Laughing in the Face of Danger

If travel broadens the mind, some places like Niseko on Japan’s North island

Hokkaido, narrow the focus. It’s hard to actually be off the beaten track here given

the tendency for landscapes to be shaped by people, as much as nature. But the

landscape remains a genius, even if a bonsaied one compared to Australia.

So many people in such a small space. Right across Japan they recognize the art of

cooperation for the common good. If you want an example of this look no further than

how they lock up bicycles outside their houses and apartments. They don’t. Bicycle

locks are almost never needed in Tokyo or anywhere else. Shame and pride are big

deterrents, so row after row of bespoke bicycles sit temptingly in a way that would

occur hardly anywhere else on the planet.

Even their bullet trains glide through that orchestrated landscape. Life by a railway

line here isn’t all rattle and clatter. If there’s a sound it’s virtually gone before your

ear-drums have a chance to react. And they don’t yell, or honk horns, or give each

other the bird while driving. They simply bow courteously except for the accidental

elbow or shove while squeezing onto public transport.

Which brings me to our recent excellent adventure at Niseko on Japan’s North island

Hokkaido. Reputedly one of the world’s best ski resorts for powder hounds. I can

vouch for this as I regularly performed face plants instead of pole plants. Powder

skiing is a technique all of its own. One moment I felt like I was roller-blading and

suddenly my skis sank into fluffy quicksand. Losing sight of my skis robbed my

already bankrupt confidence and so I made another fresh impression on the slopes.

Fortunately our good friends from Velogear were on hand - ambassadors of goodwill

and merriment – to witness our blunders off-piste. Yes we were slightly piste-off.

It changed our impression of deep, un-groomed powder. It’s hard. And unforgiving.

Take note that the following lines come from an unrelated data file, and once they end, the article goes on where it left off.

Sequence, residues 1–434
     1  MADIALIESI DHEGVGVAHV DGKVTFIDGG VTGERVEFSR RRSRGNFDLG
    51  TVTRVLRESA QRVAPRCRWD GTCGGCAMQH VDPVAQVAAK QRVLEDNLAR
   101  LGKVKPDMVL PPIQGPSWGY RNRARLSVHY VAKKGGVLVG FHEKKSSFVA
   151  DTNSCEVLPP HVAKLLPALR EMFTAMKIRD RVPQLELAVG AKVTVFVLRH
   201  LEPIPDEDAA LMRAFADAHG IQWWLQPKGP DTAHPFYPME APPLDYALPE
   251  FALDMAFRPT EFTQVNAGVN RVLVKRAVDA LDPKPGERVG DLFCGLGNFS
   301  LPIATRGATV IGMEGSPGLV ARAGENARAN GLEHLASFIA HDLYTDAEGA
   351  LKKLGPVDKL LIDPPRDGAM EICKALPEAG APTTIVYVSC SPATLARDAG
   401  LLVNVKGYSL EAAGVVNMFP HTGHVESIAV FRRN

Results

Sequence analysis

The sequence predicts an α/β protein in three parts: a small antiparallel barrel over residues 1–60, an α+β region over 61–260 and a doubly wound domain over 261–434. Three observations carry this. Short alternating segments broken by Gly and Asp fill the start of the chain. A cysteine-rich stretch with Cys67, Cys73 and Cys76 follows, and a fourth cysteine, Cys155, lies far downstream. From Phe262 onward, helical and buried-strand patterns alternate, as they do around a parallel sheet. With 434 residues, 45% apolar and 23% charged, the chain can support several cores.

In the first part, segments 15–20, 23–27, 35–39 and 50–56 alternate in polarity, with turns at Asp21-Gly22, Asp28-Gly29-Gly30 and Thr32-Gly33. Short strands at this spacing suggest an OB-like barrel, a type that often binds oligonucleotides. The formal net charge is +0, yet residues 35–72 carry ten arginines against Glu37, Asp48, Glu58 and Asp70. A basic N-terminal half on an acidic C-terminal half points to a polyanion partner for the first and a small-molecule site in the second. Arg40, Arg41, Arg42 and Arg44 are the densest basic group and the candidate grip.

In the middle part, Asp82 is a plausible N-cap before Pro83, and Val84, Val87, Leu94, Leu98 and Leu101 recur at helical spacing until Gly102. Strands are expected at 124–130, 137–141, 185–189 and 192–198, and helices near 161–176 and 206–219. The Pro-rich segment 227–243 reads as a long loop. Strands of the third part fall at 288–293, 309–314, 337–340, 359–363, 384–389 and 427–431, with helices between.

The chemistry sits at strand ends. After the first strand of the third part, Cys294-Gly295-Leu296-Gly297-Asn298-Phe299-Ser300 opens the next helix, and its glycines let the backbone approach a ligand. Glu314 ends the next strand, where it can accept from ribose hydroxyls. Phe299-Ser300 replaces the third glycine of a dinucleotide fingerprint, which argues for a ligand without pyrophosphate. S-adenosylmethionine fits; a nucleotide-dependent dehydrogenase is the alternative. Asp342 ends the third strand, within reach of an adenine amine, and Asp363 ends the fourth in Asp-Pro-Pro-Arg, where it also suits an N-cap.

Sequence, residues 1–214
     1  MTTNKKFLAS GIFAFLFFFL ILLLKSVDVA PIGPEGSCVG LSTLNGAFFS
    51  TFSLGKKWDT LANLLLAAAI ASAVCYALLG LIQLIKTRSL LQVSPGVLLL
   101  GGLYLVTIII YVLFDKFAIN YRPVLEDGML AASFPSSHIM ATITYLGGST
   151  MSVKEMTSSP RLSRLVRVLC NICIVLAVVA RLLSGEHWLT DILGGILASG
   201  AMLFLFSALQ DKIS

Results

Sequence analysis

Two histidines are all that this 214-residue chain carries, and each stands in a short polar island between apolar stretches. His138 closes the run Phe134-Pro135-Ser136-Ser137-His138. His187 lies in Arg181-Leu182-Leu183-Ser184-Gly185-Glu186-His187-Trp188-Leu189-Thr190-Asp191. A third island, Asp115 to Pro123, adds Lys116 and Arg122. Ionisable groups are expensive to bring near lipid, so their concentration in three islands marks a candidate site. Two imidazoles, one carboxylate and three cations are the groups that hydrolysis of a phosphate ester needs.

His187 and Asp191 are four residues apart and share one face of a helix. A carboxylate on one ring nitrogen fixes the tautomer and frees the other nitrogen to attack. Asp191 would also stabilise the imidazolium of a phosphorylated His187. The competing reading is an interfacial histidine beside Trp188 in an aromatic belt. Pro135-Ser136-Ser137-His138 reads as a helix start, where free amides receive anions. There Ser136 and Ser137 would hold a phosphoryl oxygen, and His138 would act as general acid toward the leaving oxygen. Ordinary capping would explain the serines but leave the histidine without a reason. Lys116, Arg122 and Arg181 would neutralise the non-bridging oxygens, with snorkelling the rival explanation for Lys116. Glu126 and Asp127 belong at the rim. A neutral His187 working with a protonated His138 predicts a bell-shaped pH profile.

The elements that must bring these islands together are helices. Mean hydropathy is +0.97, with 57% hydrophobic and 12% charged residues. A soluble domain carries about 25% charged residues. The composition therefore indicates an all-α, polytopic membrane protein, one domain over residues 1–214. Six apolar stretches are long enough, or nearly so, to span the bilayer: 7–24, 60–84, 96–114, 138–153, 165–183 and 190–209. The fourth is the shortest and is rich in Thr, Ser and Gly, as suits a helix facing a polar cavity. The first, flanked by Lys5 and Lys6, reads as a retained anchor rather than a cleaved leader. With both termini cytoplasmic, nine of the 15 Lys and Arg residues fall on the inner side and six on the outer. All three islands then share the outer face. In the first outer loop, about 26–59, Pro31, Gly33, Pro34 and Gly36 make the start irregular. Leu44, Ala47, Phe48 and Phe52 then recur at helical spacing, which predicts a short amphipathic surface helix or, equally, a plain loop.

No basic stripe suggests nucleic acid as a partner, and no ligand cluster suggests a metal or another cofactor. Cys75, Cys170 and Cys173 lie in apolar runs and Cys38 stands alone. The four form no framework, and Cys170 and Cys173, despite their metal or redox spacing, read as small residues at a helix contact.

Especially for skiiers who think anything after Australian conditions must be easy.

It isn’t. It’s like sinking in inexperience, or learning a foreign language – easier than

usual to appear the idiot. Something like trying to explain an elegant turn of phrase

like “the suppository of all wisdom” in Japanese. Especially when it doesn’t even

translate well back home. Unless you’re a Rhodes Scholar of course.

Fortunately our friends from Velogear fitted us out with some of their uber

comfortable SIX30 compression clothing. While it didn’t improve our skiing style we

can say without hesitation we remained warm and supremely comfortable.

I began to wonder if this might not be the secret to happiness - gliding down the

slopes secure in the knowledge that our muscle, bone and few extremities of flab were

flexibly contained in garments of near-miraculous support.

Only once did I come close to losing my legendary cool when hanging out in in the

lunchtime café crowd. An American dude confusing which line I was in directed:

“Hey Buddy, get to the back of the queue.” I almost lost it then and there but I can

safely say my SIX30 compression clothing helped me to hold it together and behave

honorably in the best Japanese traditions. Praise for any product doesn’t come much


Peter Hyatt